The Union ministry of power has advised state-run power generators – both Central PSUs and state government utilities – to have their railway rakes fleet for coal evacuation from the mines. In a letter to NTPC, DVC and six state government units, the ministry said while the railways was taking steps to procure additional rakes, gencos should take steps to procure their own rakes to address the problem of coal supply logistics.
The railway ministry already has a scheme — General Purpose Wagon Investment Scheme (GPWIS) — under which users can buy and own their own rakes. In fact, NTPC has already procured some rakes under the scheme.
The GPWIS, launched in 2018, offers a rebate of 10% on the base freight on each loaded wagon for a period of 15 years.
Stating that the power ministry has been working persistently to ensure that power requirement of every state is met and is constantly monitoring the fuel supply and power supply situation in the country, the letter stated that the country is witnessing increasing demand for power.
“Although the coal supplies have increased, the domestic coal supply has not been commensurate with the demand and is not able to match the consumption, resulting in depletion of stocks at thermal power plants. And one of the constraints noted is the availability of rakes,” the letter said, adding that the shortage of rakes from Coal India Limited sidings is about 20 rakes per day (RPD).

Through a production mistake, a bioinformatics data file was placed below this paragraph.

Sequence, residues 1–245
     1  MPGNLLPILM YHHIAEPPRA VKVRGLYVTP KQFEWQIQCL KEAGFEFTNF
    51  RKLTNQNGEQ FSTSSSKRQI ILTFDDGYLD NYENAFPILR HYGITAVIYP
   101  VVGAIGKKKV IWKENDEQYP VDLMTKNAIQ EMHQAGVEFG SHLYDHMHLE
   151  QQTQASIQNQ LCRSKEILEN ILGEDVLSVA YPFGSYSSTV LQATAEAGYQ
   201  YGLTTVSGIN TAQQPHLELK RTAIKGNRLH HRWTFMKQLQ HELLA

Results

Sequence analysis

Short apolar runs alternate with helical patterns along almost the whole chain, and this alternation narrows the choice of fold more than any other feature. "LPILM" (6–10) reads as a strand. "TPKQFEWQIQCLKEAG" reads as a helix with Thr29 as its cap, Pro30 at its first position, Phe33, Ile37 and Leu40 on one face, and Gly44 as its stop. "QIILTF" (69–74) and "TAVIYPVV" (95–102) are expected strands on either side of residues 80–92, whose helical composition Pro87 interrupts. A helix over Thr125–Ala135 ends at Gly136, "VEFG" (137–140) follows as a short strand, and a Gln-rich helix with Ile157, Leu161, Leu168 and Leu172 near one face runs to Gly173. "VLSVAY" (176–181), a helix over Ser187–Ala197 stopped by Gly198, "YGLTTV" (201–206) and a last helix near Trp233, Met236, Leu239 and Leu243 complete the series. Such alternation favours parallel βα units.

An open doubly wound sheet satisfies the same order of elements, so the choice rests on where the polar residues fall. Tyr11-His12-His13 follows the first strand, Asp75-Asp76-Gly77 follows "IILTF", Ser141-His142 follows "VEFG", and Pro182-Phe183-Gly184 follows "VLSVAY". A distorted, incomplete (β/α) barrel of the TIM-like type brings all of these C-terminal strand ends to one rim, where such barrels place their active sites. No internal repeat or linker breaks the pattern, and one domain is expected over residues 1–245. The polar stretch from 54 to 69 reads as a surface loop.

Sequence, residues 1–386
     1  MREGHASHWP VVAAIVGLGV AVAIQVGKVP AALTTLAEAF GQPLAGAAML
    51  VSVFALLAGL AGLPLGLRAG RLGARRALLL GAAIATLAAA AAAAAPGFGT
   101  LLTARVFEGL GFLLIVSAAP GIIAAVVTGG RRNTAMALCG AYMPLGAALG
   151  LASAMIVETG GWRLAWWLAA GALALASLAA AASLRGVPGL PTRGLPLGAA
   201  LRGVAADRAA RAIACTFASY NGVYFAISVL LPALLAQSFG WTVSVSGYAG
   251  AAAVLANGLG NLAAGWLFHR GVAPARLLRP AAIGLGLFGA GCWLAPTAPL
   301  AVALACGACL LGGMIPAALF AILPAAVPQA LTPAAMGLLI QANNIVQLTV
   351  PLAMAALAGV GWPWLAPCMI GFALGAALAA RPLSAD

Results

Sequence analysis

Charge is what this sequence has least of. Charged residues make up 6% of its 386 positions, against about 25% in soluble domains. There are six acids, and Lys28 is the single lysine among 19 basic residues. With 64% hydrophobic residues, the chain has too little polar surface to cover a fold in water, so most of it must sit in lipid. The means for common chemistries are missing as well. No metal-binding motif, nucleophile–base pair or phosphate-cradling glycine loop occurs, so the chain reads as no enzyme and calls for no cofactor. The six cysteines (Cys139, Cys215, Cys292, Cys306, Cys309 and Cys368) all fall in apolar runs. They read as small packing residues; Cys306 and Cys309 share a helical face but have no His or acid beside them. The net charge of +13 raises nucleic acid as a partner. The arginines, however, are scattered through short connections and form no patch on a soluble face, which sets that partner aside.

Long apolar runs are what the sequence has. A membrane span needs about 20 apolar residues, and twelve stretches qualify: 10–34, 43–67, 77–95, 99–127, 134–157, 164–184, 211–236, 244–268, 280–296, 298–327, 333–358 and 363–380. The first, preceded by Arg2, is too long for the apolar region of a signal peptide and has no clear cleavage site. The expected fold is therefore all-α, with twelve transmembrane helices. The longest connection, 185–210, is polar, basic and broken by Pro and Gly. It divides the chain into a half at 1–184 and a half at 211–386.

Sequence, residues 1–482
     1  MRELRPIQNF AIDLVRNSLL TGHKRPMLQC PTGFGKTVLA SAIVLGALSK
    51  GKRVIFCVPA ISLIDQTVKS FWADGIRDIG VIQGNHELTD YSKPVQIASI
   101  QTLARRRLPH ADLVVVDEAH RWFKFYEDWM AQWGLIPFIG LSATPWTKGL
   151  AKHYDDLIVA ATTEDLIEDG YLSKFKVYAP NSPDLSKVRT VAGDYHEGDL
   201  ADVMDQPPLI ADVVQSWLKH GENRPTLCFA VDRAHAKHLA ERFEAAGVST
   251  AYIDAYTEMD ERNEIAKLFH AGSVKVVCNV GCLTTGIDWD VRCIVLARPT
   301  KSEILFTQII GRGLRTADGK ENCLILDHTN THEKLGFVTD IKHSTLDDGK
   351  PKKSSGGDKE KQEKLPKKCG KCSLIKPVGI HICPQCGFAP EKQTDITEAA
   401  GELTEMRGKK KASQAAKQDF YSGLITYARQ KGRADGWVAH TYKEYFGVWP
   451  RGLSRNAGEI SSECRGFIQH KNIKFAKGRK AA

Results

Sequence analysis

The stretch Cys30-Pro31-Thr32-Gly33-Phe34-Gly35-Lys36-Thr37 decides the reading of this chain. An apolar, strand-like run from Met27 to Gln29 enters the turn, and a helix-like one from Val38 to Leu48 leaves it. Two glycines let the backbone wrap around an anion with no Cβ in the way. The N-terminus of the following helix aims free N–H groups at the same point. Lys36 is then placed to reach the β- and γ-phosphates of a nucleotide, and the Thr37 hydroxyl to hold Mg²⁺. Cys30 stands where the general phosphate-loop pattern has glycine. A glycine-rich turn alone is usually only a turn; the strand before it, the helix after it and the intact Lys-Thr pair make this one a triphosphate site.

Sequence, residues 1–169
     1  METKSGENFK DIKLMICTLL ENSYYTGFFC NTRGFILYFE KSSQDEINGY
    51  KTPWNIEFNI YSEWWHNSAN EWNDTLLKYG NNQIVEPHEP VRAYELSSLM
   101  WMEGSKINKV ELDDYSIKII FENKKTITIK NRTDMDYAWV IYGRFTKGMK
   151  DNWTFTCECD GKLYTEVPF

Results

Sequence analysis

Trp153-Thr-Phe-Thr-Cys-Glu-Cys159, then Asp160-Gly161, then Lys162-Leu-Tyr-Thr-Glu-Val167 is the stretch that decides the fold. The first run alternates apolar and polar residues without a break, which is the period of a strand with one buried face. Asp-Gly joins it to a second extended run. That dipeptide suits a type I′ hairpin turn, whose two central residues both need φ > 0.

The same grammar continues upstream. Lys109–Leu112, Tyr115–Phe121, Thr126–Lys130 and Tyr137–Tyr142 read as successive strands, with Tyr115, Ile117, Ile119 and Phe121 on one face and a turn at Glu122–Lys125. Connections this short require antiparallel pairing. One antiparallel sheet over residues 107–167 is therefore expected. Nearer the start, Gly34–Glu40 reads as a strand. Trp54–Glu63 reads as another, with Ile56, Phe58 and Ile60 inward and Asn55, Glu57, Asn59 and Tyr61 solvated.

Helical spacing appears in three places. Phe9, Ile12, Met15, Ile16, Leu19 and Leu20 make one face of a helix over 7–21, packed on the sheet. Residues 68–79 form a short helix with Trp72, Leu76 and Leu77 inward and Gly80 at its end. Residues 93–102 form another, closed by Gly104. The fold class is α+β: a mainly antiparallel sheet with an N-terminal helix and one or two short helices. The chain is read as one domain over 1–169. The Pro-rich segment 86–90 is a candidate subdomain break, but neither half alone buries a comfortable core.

“To bridge the shortfall of 20 RPD, it is suggested that initially 76 rakes will be procured by gencos under GPWIS scheme, which would translate to availability of 19 rakes per day (RPD), considering wagon turnaround of four days,” the letter stated.
As per the plan suggested by the power ministry, NTPC should procure 20 rakes, while the DVC should own 8 rakes. State gencos of Maharashtra and Andhra Pradesh have been advised to purchase 10 rakes each, while Rajasthan and Punjab have been asked to procure 9 rakes each. State generators in Uttar Pradesh and Haryana have been advised to purchase 5 rakes each.
It may be mentioned that in April this year, the country witnessed a severe coal shortage at most thermal power plants amid a surge in power demand due to an early summer and the opening up of the economy after two years of Covid-induced lull. The daily average peak demand in the first half of April was more than 194 GW and a severe coal shortage of coal on the domestic left most generators with a depleted inventory which could last them just a few days against the required stock of at least 21 days. The coal shortage was compounded by a shortage of rail rakes, forcing the Railways to cancel passenger trains to make way for freight trains.
The coal crisis was augmented when global prices of the dry fuel shot up manifold due to the supply disruptions in the wake of Ukraine-Russia conflict. To tide over the emergent crisis, the power ministry issued advisories to all domestic coal-based power plants to import coal and start blending to the extent of 10% to meet their requirements and followed it up with an ultimatum that if they do not start importing coal by the middle of June, they would have to import 15% in order to meet the shortfall in the first quarter (April-June 2022) in the remaining period up to October 31.